Apr. 25, 1805

“Regulations for the Local Jewry” issued by Maximilian [Electorate of Bavaria; Present-day Germany]: “[…] 1) The granting of a ‘Jewish-protection’ [permit] is dependent on the highest authority (‘churfürstlichen höchsten Stelle’). 3) A registry is to be kept by the local police of the local Jews and all marriages and cases of death are to be noted in the same. 4) Each family receives a certain number. That means that only one child in that family can get married on whom the number can be transferred to, other Jewish children can get married when there has been a reduction in that number. Widows may only get married if they are without a child, they may only choose a foreign subject/partner (a foreigner) only, if by doing so, a considerable wealth is brought into the country. No one is to grant a local Jew permission to wed without a preliminary investigation and permission from the police authorities anyhow, and each Jews who wishes to get married must be asked to show assets of at least a thousand Reichsthaler; if a Jew wants (tries) to get married here without such a permission, he shall regardless lose his protection [permit] completely and all future claims (for such permit) and be expelled from here. 7) Regarding the servants, Jews are not to be restricted in the number and [specific] faith of their servants but only to be limited by their needs, however, they must not only be liable for them and their children but must ensure that they do not engage in any [other] kind of trade, and report their names and nature/attributes (‘Beschaffenheit’) to the police authorities. Also, it is not permitted to bring non-relatives, teachers and service staff [and] whole families under the title of Associates (‘Associes’) [which means] those Jews, who had been employed as teacher, accountant, servant, do not obtain the right of residency by the length of their presence [in the country], but that they shall leave the country as soon as they leave their positions and return to their original place of birth/residency. […] 11) The business books and contracts of the Jews are to be maintained in the German language. Jews are prohibited from trading with state-stipend/salary certificates (‘Besoldungsscheine’), they are to refrain from doing business with minors or those who are still under the [legal] power of the father [or such]. They shall also beware/ensure, not to import any foreign, unconventional coins into the land […] 12) The Jews shall ensure with the purchase and sale of item and pledges that they have not been stolen/taken. Otherwise, they will not only return the item without being compensated, but, if it should be found and convicted that he had prior knowledge of the theft, he shall not only be responsible for the loss, but will be also subject to being convicted for complicity and concealment […]. 13) Individuals […] employed by the Jewish community as payer-leader, or butcher, or such, shall not be permitted to engage in any [other] trade and must be supported by the Jewry, and no new person may be taken on as long as one of them already exist in the local Jewish community. 14) […] Protected Jews are to pay 20 fl [Gulden] per family to the state treasury (‘Staatskasse’) […] 15) The regular fees will be deducted from the assets/wealth of Jews who are leaving the country may they leave due to marriage, inheritance, or any other reason. 17) In any case, Jews are to obey the existing laws of the land and to […] submit to the authority of each legal office/entity (‘Behörde’). […]”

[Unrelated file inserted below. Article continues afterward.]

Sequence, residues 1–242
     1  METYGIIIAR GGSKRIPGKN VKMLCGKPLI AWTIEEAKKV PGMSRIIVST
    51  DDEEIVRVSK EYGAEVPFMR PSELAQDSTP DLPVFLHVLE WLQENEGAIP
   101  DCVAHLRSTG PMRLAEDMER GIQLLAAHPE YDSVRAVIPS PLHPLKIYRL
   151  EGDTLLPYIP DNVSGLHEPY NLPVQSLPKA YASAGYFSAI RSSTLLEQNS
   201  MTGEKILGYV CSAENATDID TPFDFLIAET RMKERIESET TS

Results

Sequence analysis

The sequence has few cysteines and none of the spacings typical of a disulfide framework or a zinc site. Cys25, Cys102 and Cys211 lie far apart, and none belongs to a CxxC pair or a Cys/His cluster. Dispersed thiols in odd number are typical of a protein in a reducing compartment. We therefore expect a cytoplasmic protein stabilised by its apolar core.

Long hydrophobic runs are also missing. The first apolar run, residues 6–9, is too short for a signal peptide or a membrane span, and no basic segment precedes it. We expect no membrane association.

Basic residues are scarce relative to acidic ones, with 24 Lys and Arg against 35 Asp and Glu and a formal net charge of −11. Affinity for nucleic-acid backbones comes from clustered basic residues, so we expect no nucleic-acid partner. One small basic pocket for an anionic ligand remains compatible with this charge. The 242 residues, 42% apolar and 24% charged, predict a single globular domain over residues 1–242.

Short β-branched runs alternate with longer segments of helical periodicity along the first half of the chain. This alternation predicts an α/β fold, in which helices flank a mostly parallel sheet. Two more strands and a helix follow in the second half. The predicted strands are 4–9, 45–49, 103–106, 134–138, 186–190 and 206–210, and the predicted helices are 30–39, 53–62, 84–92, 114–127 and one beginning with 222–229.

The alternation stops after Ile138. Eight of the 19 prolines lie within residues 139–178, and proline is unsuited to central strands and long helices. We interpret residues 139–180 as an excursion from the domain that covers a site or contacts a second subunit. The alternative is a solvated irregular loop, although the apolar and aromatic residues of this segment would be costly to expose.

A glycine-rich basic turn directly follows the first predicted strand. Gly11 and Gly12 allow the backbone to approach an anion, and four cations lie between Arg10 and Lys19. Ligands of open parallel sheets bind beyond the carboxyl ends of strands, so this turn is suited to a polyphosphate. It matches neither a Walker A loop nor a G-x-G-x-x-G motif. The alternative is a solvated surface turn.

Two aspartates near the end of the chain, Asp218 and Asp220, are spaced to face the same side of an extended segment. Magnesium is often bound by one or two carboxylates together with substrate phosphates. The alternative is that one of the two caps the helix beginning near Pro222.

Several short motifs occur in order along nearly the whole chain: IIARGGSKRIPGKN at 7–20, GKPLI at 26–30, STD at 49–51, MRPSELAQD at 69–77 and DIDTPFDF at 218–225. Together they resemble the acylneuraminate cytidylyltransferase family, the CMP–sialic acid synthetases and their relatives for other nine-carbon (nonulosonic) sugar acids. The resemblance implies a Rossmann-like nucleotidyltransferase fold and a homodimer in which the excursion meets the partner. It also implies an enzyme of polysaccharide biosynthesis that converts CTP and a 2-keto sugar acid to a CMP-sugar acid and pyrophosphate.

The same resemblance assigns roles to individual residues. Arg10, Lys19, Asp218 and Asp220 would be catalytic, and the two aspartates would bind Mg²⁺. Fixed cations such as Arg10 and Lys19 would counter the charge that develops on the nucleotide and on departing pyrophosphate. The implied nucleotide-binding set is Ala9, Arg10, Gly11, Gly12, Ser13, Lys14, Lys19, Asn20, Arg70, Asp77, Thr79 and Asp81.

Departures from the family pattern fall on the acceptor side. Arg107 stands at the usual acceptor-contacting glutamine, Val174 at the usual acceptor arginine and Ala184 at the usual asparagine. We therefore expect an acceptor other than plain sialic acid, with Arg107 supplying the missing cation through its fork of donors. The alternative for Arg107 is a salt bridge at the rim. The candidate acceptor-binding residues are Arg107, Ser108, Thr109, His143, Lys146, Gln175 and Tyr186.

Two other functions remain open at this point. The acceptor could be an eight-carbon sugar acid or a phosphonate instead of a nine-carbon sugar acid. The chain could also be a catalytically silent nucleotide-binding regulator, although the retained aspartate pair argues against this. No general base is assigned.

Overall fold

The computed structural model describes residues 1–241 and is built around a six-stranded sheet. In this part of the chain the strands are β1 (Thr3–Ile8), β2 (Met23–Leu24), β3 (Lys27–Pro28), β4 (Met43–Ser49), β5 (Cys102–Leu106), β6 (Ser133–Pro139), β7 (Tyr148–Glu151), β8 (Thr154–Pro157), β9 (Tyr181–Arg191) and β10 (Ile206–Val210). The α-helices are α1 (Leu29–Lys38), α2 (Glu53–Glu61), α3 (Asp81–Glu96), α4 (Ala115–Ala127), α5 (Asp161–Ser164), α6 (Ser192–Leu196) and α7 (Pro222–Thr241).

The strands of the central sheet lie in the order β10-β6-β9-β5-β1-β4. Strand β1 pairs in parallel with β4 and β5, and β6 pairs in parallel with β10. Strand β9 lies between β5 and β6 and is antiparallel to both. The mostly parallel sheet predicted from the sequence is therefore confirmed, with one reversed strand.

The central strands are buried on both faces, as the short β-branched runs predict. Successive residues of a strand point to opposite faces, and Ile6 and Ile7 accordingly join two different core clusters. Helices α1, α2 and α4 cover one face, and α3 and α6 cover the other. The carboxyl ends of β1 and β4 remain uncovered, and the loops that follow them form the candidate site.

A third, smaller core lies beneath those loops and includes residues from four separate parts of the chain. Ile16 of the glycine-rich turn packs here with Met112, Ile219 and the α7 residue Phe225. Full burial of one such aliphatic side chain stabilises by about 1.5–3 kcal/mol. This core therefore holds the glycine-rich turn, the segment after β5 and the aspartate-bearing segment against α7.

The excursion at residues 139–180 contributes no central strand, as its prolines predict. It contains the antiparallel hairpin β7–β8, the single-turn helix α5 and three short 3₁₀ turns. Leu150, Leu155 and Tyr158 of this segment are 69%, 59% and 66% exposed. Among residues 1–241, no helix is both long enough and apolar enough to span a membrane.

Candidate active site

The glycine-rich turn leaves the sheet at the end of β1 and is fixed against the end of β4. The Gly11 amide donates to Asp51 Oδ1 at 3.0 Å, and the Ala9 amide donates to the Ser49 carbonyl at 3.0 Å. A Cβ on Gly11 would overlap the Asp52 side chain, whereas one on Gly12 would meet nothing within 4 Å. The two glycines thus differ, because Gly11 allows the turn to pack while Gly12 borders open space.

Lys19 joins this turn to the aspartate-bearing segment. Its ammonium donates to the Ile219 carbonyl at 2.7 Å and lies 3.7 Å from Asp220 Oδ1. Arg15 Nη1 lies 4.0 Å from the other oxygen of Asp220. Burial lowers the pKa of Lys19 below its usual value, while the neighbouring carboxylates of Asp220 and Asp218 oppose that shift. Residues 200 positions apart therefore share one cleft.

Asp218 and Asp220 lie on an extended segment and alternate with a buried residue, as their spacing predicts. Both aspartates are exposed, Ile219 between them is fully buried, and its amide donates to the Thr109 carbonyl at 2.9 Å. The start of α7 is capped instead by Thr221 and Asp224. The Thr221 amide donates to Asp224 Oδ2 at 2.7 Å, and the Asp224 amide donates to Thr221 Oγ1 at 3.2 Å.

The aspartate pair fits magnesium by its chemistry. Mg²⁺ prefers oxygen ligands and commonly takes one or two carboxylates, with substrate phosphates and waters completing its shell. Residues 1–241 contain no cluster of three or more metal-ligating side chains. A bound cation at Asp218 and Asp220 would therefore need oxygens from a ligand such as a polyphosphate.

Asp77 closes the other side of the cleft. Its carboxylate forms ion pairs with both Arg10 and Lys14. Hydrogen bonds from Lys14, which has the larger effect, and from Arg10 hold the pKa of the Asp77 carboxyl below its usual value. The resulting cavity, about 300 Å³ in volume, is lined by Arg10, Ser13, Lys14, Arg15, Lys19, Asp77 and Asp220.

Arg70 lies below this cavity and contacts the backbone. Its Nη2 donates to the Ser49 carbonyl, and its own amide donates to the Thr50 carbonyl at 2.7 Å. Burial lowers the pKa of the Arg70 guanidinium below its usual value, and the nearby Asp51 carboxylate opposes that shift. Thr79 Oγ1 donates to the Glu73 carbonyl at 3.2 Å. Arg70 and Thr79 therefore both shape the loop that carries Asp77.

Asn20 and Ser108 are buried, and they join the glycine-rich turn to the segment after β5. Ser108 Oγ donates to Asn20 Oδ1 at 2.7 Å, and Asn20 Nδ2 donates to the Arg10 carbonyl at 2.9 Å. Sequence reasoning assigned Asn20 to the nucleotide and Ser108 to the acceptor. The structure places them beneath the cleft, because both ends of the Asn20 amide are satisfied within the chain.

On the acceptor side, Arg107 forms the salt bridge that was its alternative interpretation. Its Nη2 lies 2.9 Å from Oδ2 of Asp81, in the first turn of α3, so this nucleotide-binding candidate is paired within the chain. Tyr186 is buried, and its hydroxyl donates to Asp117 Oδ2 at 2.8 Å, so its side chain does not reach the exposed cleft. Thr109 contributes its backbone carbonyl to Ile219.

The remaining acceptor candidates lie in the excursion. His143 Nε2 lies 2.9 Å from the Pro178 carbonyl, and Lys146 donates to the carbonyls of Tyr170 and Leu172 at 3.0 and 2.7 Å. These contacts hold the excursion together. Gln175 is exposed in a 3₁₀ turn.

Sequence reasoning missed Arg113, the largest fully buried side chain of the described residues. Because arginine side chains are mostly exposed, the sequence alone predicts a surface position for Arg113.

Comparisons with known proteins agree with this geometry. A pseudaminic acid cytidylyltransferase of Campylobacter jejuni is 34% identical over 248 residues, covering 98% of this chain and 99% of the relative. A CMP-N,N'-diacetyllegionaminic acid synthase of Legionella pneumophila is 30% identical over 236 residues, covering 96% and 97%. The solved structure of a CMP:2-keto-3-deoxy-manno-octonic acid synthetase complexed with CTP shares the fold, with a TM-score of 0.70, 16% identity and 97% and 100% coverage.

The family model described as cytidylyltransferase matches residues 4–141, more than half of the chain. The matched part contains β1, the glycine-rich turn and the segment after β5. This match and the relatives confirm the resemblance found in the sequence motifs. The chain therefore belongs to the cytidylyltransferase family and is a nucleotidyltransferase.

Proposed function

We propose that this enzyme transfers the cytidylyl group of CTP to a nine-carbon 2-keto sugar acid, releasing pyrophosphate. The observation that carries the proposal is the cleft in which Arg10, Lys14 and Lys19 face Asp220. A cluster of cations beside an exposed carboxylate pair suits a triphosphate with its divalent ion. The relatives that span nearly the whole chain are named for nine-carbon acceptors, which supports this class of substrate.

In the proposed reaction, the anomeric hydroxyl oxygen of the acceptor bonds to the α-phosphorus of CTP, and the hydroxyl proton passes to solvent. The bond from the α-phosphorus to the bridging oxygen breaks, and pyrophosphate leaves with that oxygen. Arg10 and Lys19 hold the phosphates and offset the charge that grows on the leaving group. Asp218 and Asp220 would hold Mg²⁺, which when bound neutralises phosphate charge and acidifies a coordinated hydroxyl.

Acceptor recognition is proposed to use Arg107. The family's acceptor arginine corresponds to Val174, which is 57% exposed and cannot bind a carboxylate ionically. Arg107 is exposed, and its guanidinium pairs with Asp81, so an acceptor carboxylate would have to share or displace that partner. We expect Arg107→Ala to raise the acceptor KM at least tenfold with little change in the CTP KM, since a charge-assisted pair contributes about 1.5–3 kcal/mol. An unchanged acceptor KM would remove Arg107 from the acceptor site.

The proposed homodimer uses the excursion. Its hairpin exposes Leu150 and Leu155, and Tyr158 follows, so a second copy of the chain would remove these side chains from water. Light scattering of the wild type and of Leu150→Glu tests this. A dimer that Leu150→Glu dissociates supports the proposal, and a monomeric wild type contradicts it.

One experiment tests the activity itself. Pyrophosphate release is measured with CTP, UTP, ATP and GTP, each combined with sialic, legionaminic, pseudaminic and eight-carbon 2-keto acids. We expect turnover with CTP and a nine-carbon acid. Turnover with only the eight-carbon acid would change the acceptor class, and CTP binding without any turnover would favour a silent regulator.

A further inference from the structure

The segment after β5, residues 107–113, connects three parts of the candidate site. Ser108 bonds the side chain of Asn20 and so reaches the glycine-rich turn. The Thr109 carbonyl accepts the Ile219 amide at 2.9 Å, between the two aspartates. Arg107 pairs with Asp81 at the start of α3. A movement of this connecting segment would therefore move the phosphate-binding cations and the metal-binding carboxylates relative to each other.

Sammlung der im Gebiete der inneren Staats-Verwaltung des Königreichs Bayern bestehenden Verordnungen aus amtlichen Quellen geschöpft und systematisch geordnet von G. Döllinger, König. bayer. geheimen Hausarchivar und wirklichen Rath. Sechste Band; (München; 1838); (Collection of Regulations/Ordinances Existing in the Territories of the Internal State Administration of the Kingdom of Bavaria from official sources and systematically arranged by G. Döllinger, Royal Bavarian Secret House-Archivist and True Advisor; Volume VI), (Munich; 1838); Researched and Translated by Ziba Shadjaani 6/6/2018